So Christ never baptized with water as prophesied by John the Baptist. If you read verse 4 of John 3 you will see that Christ was talking of natural birth.

John 4:13 Jesus said, "Everyone who drinks from this water will get thirsty again. 14 But whoever drinks from the water that I will give him will never get thirsty again--ever! In fact, the water I will give him will become a well of water springing up within him for eternal life."

I hear about eating the wafer and drinking the grape from the cup but never about drinking the water only sprinkling or dipping in the water, why is that? Does any Church practice that covenant?

27 posted on 09/02/2009 12:17:19 PM PDT by Taxbilly
[ Post Reply | Private Reply | To 16 | View Replies]

To: Taxbilly

Jesus changed water into wine at Cana. Everyone knows that. ;-)


28 posted on 09/02/2009 12:23:55 PM PDT by SoothingDave
[ Post Reply | Private Reply | To 27 | View Replies]

To: kickonly88
Some additional information for you:

Infant Baptism
Baptismal Complexes- The Sacrament of Baptism, Part 2
The Catechism of St. Thomas Aquinas BAPTISM
Beginning Catholic: The Sacrament of Baptism: Gateway to New Life [Ecumenical]

Converted Muslim Tells Story Behind Papal Baptism
What You [Catholics] Need to Know: Baptism [Catholic/Orthodox Caucus]
A Brief Catechism for Adults - Lesson 20: The Sacrament of Baptism
Baptism and the Usus Antiquior (Catholic/Orthodox Caucus)
Justified by Baptism (fallout from the Beckwith conversion grows)

The Million-Dollar Infant Baptism
Mystical Baptism and Limbo
The Early Church Fathers on Baptism - Catholic/Orthodox Caucus
A Critique of a Critique (On Baptism by Immersion)
Catholics, Reformed Christian Churches sign document recognizing common baptism

29 posted on 09/02/2009 12:26:28 PM PDT by Salvation (With God all things are possible.)
[ Post Reply | Private Reply | To 7 | View Replies]

To: SoothingDave

“Corresponding to that” refers to Christ’s death and resurrection — THAT saves, not water.

Hoss


30 posted on 09/02/2009 12:27:09 PM PDT by HossB86
[ Post Reply | Private Reply | To 26 | View Replies]

To: Taxbilly

**I hear about eating the wafer and drinking the grape from the cup but never about drinking the water only sprinkling or dipping in the water, why is that? Does any Church practice that covenant?**

First correction — the consecrated bread is called a host.

Have you ever attended a Catholic Mass?

WATER is poured into the wine (historically it was used to cut the strongness of the wine) by the priest. Words said by the priest refer to uniting the blood and the wine with the spiritual/divine and physical/humanity of Christ.


31 posted on 09/02/2009 12:31:01 PM PDT by Salvation (With God all things are possible.)
[ Post Reply | Private Reply | To 27 | View Replies]

To: HossB86

I’m just quoting Scripture. I don’t deny that the Resurrection empowers the Baptism to be efficacious.

But to simply state, as the above poster does, that Baptism does not save is directly contradicted by Scripture.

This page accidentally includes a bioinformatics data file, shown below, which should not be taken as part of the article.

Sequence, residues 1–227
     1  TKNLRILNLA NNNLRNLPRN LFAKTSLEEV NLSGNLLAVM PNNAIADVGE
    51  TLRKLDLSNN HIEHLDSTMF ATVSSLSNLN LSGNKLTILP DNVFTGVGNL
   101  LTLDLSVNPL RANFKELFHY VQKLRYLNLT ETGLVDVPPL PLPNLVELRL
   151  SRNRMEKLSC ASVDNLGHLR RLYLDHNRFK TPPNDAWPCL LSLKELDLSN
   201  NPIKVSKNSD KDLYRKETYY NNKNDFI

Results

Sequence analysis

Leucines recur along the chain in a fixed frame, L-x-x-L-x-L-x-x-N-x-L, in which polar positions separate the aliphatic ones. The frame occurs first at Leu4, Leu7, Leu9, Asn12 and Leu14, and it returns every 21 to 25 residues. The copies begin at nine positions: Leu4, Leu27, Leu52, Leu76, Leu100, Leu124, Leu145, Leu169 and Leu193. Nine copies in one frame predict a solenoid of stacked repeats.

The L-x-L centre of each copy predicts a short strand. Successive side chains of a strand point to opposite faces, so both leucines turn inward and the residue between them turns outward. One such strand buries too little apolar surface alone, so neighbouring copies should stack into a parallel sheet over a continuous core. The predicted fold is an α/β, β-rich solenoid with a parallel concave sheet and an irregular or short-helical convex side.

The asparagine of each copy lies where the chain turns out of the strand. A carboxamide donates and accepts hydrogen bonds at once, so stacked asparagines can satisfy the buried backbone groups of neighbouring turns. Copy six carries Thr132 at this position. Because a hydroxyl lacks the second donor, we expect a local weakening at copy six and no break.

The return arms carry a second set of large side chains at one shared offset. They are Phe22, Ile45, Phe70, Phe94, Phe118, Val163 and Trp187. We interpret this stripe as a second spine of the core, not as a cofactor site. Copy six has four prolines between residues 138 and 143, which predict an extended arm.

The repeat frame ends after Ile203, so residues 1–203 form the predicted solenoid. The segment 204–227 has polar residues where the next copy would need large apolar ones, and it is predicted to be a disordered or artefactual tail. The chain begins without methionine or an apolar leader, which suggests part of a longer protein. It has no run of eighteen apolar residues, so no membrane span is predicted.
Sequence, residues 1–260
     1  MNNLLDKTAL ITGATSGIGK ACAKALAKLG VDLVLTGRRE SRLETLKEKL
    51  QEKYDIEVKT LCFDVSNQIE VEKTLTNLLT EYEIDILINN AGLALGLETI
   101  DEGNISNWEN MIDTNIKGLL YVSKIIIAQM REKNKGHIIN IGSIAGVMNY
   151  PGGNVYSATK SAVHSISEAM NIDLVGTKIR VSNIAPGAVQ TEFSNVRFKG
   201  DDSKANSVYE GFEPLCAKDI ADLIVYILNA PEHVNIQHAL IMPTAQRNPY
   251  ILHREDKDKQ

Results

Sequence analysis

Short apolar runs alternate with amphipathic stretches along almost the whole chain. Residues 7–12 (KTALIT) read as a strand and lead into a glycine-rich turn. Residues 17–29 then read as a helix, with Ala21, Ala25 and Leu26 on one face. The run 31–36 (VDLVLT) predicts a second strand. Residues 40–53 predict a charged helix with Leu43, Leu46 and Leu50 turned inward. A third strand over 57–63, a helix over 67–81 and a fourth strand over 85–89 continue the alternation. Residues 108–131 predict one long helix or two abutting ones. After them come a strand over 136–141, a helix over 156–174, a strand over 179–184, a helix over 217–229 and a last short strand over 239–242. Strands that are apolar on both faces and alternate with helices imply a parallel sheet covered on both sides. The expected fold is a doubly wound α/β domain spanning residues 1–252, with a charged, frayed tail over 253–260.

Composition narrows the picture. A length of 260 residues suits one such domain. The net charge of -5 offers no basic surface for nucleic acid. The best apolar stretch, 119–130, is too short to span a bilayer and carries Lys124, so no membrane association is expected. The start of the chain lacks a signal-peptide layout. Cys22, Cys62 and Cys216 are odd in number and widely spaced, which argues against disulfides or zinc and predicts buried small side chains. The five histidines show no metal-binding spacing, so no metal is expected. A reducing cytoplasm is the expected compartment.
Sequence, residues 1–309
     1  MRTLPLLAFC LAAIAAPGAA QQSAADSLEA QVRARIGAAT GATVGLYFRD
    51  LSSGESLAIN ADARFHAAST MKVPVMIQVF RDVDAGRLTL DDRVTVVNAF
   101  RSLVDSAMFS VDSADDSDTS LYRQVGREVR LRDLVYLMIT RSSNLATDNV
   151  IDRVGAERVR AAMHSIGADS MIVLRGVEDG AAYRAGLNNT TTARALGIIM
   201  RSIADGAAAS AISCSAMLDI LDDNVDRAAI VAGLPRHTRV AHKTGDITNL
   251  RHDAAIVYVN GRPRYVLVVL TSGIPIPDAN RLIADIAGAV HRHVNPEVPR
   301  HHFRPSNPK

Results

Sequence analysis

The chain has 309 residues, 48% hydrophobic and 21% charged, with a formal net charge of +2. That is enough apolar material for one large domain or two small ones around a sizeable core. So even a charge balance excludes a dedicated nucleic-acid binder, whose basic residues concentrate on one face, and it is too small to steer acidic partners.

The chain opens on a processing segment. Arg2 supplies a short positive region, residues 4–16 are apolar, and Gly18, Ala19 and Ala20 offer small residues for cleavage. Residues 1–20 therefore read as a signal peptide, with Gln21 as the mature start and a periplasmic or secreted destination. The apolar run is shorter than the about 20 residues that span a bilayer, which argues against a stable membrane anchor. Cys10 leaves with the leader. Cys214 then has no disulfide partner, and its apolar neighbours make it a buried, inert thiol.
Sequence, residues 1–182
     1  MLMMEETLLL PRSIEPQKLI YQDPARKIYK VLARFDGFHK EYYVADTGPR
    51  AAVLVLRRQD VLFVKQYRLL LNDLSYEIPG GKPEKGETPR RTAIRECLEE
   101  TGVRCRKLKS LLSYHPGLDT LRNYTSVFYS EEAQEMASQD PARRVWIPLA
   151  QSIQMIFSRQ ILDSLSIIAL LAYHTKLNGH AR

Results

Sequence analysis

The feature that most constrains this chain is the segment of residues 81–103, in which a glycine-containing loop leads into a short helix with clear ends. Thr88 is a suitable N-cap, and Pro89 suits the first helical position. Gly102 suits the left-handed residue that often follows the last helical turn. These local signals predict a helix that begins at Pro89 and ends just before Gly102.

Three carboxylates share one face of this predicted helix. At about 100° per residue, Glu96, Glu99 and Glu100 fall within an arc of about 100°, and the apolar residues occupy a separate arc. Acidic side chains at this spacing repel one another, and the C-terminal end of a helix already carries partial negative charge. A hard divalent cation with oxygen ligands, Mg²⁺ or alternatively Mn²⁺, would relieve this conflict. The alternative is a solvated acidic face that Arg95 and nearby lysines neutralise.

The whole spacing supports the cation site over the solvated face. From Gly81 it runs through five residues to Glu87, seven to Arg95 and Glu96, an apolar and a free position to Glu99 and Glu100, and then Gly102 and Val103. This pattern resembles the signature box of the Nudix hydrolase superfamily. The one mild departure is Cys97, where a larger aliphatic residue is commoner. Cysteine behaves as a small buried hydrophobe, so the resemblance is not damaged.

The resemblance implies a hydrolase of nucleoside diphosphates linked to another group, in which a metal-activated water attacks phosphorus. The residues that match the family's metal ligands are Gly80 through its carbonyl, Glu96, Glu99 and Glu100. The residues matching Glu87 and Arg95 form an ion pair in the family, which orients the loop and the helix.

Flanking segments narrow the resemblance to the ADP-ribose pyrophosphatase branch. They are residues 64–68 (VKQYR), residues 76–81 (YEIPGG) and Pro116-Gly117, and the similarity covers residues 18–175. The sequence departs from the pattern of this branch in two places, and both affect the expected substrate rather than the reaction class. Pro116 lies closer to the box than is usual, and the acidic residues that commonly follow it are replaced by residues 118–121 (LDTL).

32 posted on 09/02/2009 12:39:13 PM PDT by SoothingDave
[ Post Reply | Private Reply | To 30 | View Replies]

To: SoothingDave

Actually, you’re misquoting scripture. Go back and read the whole passage before the verse you cherry pick; you can’t take the one verse and make it say what you want because you want it to say what you want.

Water baptism, in and of itself, cannot save. It’s not a contradiction. But you are misunderstanding it.

Hoss


33 posted on 09/02/2009 12:54:03 PM PDT by HossB86
[ Post Reply | Private Reply | To 32 | View Replies]

To: HossB86

No one said Baptism “in and of itself” saves.

But Baptism does save. That’s what Scripture says and that’s what Jesus commanded of us.


34 posted on 09/02/2009 12:57:47 PM PDT by SoothingDave
[ Post Reply | Private Reply | To 33 | View Replies]

To: SoothingDave

Nice try.

Baptism does not save. And scripture does not say that. You’ve cherry-picked one verse and taken it out of context. Try reading it all. Try taking it ALL in context.

Hoss


35 posted on 09/02/2009 1:03:21 PM PDT by HossB86
[ Post Reply | Private Reply | To 34 | View Replies]

To: HossB86

If you can live with your interpretation, that’s fine. Just wanted to point it out to you.

You cant just wave your hands and say “context” to make hard parts disappear.


36 posted on 09/02/2009 1:05:00 PM PDT by SoothingDave
[ Post Reply | Private Reply | To 35 | View Replies]

To: SoothingDave

No hard part about it.

Take care.


37 posted on 09/02/2009 1:16:05 PM PDT by HossB86
[ Post Reply | Private Reply | To 36 | View Replies]

To: Salvation
Have you ever attended a Catholic Mass? Yes.

WATER is poured into the wine (historically it was used to cut the strongness of the wine) by the priest. Words said by the priest refer to uniting the blood and the wine with the spiritual/divine and physical/humanity of Christ.

So this is what Christ was referring to in John 4:13? If so why is the grape needed or why didn't He mention it to the woman at the well?

You use the word (historically) is it still done today?

Thank you for putting up with my questions.

38 posted on 09/02/2009 2:03:27 PM PDT by Taxbilly
[ Post Reply | Private Reply | To 31 | View Replies]

To: Taxbilly
it appears that Christ saved no one while on earth

No it defitely doesn't appear that way. Christ is the owner of His sacraments, so nothing prevents him from remitting sins and give a new birth directly and not through sacraments of the Church. Secondly, Christ can -- and does -- act through people He empowered, in this case, to baptize.

39 posted on 09/02/2009 2:04:20 PM PDT by annalex (http://www.catecheticsonline.com/CatenaAurea.php)
[ Post Reply | Private Reply | To 15 | View Replies]

To: HossB86; SoothingDave
What in context, do you think, alters that apparent meaning, that baptism indeed saves?

18 Because Christ also died once for our sins, the just for the unjust: that he might offer us to God, being put to death indeed in the flesh, but enlivened in the spirit, 19 In which also coming he preached to those spirits that were in prison: 20 Which had been some time incredulous, when they waited for the patience of God in the days of Noe, when the ark was a building: wherein a few, that is, eight souls, were saved by water. 21 Whereunto baptism being of the like form, now saveth you also: not the putting away of the filth of the flesh, but the examination of a good conscience towards God by the resurrection of Jesus Christ. 22 Who is on the right hand of God, swallowing down death, that we might be made heirs of life everlasting: being gone into heaven, the angels and powers and virtues being made subject to him.